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Duff's Owner: ECDOH threatens to permanently close location suing the state to reopen

Duff's on Transit is suing to reopen
DUFFSEASTERNHILLS.png
Posted at 6:43 PM, Jan 10, 2021
and last updated 2021-01-10 18:52:32-05

CLARENCE, N.Y. (WKBW) — Greg Duell, the owner of Duff's in the Eastern Hills Mall, said he's done everything he can to abide by New York State's outdoor dining guidance, but he's continuously cited by the Erie County Health Department. Most recently, he was issued a citation Saturday for not having two fully open sides on his patio.

"I absolutely say that I have two fully open sides in addition to a large opening on the third side," Duell said.

The patio is built off of the side of his restaurant, overlooking the Eastern Hills Mall's parking lot. One side is a 40 foot long wall with openings where it meets the awning. The entrance to the patio is open, and the opposite side is open as well, with a wind screen several feet from the patio structure. Duell has even installed streamers to demonstrate air flow to customers.

A representative for the Erie County Health Department told 7 Eyewitness News, "Public health sanitarians conducted an inspection at that Duffs location on Transit Road as part of our department’s work this weekend. Sanitarians observed outdoor dining in structures that did not conform to NYS guidance for outdoor dining, and issued violations."

The representative also cited guidance that was put in place in June.

Duell said he was at his restaurant the entire day, but did not see a health inspector at all. He received the violation through email.

"They did threaten significant fines, suspension of my license, or permanent revocation of my permit to operate, which is incredibly scary for me because if I lose my license, even though I haven't seen an inspector, that's it. I'm done," Duell said.

Duff's is one of about 90 restaurants suing the state to reopen in the Orange Zone. HoganWillig Attorneys at Law are representing the group. Attorney Corey Hogan said the case rests on the fact that not one of the restaurants has had a COVID case traced back to them. Hogan said about 1.4% of COVID cases can be traced back to restaurants, while 73.84% come from household or social gatherings.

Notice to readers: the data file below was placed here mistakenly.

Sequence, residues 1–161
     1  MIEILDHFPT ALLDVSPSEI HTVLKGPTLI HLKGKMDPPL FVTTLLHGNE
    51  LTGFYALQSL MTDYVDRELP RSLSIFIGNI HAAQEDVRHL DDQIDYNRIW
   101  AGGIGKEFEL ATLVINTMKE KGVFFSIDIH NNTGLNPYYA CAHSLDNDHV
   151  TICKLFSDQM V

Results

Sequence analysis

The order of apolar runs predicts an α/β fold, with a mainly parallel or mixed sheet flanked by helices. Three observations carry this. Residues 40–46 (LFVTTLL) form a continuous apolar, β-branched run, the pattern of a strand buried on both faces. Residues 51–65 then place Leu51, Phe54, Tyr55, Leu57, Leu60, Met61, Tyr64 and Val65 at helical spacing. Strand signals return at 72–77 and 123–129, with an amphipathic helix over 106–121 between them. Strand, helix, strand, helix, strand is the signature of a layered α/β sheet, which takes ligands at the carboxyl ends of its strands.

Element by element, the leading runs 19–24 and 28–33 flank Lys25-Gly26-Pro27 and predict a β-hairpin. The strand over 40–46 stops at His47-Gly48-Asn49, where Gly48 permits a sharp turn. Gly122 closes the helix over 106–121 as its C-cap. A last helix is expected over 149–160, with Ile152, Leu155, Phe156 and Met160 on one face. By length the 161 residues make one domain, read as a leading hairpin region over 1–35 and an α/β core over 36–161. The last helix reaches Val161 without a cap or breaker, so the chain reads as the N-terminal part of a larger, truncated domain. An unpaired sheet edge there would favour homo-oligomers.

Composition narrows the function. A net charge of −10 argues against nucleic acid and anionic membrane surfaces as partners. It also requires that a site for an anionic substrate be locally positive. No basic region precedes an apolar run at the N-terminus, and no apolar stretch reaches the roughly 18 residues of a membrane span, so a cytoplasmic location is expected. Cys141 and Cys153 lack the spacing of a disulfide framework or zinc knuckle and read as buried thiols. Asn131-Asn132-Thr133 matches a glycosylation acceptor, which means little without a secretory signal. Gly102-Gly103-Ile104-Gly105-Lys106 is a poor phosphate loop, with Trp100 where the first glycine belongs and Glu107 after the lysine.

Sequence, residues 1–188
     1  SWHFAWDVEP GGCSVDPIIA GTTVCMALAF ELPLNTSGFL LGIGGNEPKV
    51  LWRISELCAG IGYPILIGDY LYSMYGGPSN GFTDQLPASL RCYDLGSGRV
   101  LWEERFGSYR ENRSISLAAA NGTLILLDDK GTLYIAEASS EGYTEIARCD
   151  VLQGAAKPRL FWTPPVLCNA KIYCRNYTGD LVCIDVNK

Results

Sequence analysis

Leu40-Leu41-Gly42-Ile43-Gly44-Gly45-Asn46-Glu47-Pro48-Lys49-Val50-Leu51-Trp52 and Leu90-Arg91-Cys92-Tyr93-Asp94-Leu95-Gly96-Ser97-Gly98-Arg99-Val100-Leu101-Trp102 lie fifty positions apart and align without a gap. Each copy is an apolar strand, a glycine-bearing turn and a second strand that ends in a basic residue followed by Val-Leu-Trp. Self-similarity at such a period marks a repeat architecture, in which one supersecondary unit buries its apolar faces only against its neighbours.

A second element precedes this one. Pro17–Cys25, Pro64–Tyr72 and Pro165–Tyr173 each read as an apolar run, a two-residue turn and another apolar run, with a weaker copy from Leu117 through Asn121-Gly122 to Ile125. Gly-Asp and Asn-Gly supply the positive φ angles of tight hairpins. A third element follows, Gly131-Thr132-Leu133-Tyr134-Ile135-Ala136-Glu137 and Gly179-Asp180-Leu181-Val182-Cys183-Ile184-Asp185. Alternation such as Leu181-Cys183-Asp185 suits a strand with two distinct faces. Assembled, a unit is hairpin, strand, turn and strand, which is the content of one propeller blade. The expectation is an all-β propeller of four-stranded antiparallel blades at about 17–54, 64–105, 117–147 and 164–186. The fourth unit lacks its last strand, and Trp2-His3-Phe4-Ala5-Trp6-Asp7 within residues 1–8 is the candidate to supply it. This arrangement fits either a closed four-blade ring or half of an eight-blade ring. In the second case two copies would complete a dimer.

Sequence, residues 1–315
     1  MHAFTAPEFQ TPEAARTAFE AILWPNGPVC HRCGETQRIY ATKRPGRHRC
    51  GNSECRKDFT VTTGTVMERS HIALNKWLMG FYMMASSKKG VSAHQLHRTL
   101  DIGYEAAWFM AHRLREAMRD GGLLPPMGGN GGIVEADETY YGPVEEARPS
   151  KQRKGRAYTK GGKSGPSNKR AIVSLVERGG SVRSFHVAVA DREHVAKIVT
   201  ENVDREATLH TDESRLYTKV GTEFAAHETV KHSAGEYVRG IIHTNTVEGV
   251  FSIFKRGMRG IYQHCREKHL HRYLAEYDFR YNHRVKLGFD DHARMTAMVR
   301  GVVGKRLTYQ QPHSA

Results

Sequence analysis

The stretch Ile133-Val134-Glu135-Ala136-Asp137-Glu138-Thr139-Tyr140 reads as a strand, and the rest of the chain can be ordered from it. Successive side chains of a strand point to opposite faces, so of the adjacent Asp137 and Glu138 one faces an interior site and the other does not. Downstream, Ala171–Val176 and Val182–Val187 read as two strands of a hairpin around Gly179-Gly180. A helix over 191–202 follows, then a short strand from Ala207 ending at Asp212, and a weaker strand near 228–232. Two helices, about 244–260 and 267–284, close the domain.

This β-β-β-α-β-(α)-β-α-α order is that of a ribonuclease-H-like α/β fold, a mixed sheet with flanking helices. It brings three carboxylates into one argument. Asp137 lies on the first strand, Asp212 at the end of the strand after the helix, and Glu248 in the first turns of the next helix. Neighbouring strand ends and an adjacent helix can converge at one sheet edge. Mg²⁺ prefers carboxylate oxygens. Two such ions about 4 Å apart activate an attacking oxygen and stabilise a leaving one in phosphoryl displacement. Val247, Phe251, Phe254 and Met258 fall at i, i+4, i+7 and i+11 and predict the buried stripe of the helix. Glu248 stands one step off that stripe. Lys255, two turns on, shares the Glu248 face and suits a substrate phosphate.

Hogan also pointed out the Capital Region has no COVID zone restrictions, despite having higher positive rates and less hospital/ICU beds available than Erie County.

December 28th, New York State Supreme Court Judge Nowak said the state and restaurants must compromise on COVID-19 restrictions by January 4th. January 4th, the state and restaurants did not meet a compromise, therefore will make a decision on whether or not restaurants can reopen Wednesday.

Hogan said he believes the fact that several of the restaurants he's representing have been recently cited is not a coincidence.

"They're going after the Western New York restaurants because they chose to go to court to try to reopen," Hogan said.

Duell went back to the restaurant guidance sent out by Erie County when Orange Zone was declared. It says open-air spaces can have a temporary cover "so long as such cover has at least two open sides for airflow."

"The key word was two sides open for airflow. So when you look at the word open, everybody's interpretation is different," Duell said.

Duell has an engineering degree from the University at Buffalo, so he purchased an anemometer and calculated his restaurant's air flow himself.

"My analysis found that I have 22.3 air changes per hour. That is significantly safer than a hospital for airborne contaminant removal," Duell said.

He presented that information to the Health Department.

"They said that they don't understand it. It has to go to the Empire State Development Corporation," Hogan said.

In fact, Duell tested the airflow, or air changes per hour, inside his restaurant. He said he found the air changes per hour inside the restaurant were significantly higher than the average amount of air changes per hour inside a home.

"The signs are pointing towards the fact that these restaurants have significant air flow in them... I think there needs to be more attention paid that we are not part of the problem. In fact, we may be a part of the solution," Duell said.